Mastectomy: What to Expect

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Before mastectomy surgery

In the hospital on the day of surgery, you’ll change into a hospital gown and wait in a preoperative holding area. Some hospitals will allow you to have one or two friends or family members with you in the room.

Your surgeon or a nurse may draw markings on your breast that show where the incision will be made. Usually this is done with a felt-tip marker. You’ll be sitting up while this happens so that the natural crease of your breast can be marked.

You will be taken into the anesthesia room, where a nurse will insert a needle connected to a long tube — an intravenous infusion (IV) line — into your hand or arm and tape it into place. Soon after this, you’ll be given relaxing medication through the IV line. Once you are wheeled into the operating room, you will be given general anesthesia.

During mastectomy surgery

Mastectomy with axillary dissection (modified radical mastectomy) can take 2-3 hours. If reconstruction is performed at the same time, surgery will take longer.

Most mastectomy incisions are in the shape of an oval around the nipple, running across the width of the breast. If you are having a skin-sparing mastectomy, the incision will be smaller, including only the nipple, areola, and the original biopsy scar.

After the incision is made, the breast tissue is separated from the overlying skin and from the chest wall muscle underneath. All of the breast tissue — which lies between the collarbone and ribs, from the side of the body to the breastbone in the center — is removed. If you are having a full radical mastectomy, some of your chest muscle may be removed as well. Your breast surgeon will also perform axillary lymph node dissection if it is part of your surgery plan.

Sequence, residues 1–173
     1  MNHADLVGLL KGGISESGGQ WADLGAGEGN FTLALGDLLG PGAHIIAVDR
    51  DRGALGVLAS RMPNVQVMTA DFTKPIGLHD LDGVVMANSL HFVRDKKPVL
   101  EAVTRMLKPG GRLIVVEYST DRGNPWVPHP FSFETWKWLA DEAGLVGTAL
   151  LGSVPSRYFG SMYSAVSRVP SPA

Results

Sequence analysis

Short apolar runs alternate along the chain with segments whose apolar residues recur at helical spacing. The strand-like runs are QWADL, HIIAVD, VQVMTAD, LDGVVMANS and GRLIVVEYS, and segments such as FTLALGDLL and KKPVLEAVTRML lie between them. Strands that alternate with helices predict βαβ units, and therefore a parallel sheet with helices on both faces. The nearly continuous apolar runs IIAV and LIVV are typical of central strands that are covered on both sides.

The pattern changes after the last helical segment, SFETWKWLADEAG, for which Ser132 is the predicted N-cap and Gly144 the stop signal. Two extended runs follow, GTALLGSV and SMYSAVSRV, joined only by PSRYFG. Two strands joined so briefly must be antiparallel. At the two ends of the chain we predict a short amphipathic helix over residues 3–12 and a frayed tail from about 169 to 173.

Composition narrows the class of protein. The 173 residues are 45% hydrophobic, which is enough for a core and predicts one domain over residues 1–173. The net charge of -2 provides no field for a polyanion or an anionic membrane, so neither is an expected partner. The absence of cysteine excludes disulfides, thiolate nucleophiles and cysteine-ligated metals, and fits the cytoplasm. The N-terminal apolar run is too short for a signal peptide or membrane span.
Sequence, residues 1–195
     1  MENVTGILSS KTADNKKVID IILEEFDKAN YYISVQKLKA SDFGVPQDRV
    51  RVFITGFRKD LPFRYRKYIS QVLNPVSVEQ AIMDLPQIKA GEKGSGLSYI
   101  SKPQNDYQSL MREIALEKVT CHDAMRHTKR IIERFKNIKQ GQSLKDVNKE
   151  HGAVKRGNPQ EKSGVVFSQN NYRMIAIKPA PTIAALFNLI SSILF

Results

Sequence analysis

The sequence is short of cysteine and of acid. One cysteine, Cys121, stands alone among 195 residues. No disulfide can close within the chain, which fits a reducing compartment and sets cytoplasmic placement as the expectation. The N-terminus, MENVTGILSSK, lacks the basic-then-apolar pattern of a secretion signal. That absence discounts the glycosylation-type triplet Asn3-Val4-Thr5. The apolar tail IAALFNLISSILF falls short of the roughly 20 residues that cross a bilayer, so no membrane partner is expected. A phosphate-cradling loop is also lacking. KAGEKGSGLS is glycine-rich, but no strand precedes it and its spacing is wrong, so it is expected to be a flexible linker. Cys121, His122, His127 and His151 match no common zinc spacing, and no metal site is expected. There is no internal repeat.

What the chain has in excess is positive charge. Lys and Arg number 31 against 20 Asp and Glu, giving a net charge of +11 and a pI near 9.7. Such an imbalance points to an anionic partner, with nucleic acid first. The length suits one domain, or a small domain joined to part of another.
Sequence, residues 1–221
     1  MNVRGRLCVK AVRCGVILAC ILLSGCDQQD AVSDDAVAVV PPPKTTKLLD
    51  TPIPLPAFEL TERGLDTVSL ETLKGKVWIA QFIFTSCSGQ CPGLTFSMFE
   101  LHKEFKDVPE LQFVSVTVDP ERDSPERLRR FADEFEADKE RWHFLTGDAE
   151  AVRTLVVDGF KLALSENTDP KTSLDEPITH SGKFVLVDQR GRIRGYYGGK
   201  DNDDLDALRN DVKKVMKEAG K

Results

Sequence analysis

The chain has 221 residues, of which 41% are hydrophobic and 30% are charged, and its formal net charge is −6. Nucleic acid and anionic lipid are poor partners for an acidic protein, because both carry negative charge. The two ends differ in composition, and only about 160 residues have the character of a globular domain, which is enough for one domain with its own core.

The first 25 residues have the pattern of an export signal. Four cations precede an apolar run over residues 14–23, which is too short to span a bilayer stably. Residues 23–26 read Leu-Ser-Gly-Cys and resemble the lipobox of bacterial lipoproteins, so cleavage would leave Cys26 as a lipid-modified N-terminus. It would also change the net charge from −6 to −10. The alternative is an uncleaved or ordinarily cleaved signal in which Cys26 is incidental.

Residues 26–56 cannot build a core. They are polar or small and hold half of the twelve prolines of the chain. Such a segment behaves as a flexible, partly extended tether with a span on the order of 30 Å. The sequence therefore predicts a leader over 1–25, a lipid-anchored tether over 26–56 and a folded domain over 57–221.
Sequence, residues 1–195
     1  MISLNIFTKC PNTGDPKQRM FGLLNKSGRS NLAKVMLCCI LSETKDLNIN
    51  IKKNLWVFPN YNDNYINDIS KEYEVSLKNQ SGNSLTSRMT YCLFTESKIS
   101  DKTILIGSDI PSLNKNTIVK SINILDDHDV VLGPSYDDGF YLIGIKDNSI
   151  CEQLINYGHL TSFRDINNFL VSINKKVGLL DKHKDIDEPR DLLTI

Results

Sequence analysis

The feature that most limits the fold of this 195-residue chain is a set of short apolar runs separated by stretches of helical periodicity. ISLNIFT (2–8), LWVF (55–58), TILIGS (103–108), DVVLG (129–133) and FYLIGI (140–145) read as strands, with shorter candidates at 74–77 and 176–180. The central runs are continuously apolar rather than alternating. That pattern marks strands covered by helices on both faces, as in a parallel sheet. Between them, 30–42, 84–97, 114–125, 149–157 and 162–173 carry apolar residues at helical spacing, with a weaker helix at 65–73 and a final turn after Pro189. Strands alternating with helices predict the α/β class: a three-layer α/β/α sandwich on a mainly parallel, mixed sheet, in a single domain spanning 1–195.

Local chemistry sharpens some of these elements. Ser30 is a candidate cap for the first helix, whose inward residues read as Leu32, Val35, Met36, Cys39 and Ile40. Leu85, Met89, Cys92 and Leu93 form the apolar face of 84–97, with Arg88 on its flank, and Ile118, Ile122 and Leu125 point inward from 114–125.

After your breast surgeon has removed your breast tissue, if immediate breast reconstruction is part of your plan, your plastic surgeon will perform the reconstruction.

In the final stages of the surgery, your breast surgeon will check the surgery areas for bleeding and insert surgical drains. Drains are long tubes that are inserted into your breast area or armpit to collect excess fluid that can accumulate in the space where the tumor was. The tubes have plastic bulbs on the ends to create suction, which helps the fluid to exit your body. After the drains are inserted, your surgeon will stitch the incision closed. The surgery site will then be covered by a bandage that wraps closely around your chest.

After mastectomy surgery

You’ll be moved to the recovery room after mastectomy surgery, where staff will monitor your heart rate, body temperature, and blood pressure. If you are in pain or feel nauseous from the anesthesia, let someone know so that you can be given medication.

You’ll then be admitted to a hospital room. Hospital stays for mastectomy average 3 days or less. If you have a mastectomy and reconstruction at the same time, you may be in the hospital a little longer.

The morning after your surgery, your surgeon or nurse will show you an exercise routine you can do to prevent arm and shoulder stiffness on the side where you had the mastectomy and to help prevent the formation of significant scar tissue. Some exercises should be avoided until drains are removed. Ask your surgeon any questions you may have to make sure the exercise routine is right for you. Your surgeon should also give you written, illustrated instructions on how to do the exercises.

Before you leave the hospital, your surgeon or nurse will give you information about recovering at home:

  • Taking pain medication: Your surgeon will probably give you a prescription to take with you when you leave the hospital. You might want to get it filled on your way home or have a friend or family member get it filled for you as soon as you are home so that you have it available.
  • Caring for the bandage (dressing) over your incision: Ask your surgeon or nurse how to take care of the mastectomy bandage. The surgeon may ask that you not try to remove the bandage, and instead wait until your first follow-up visit so that he or she can remove the bandage.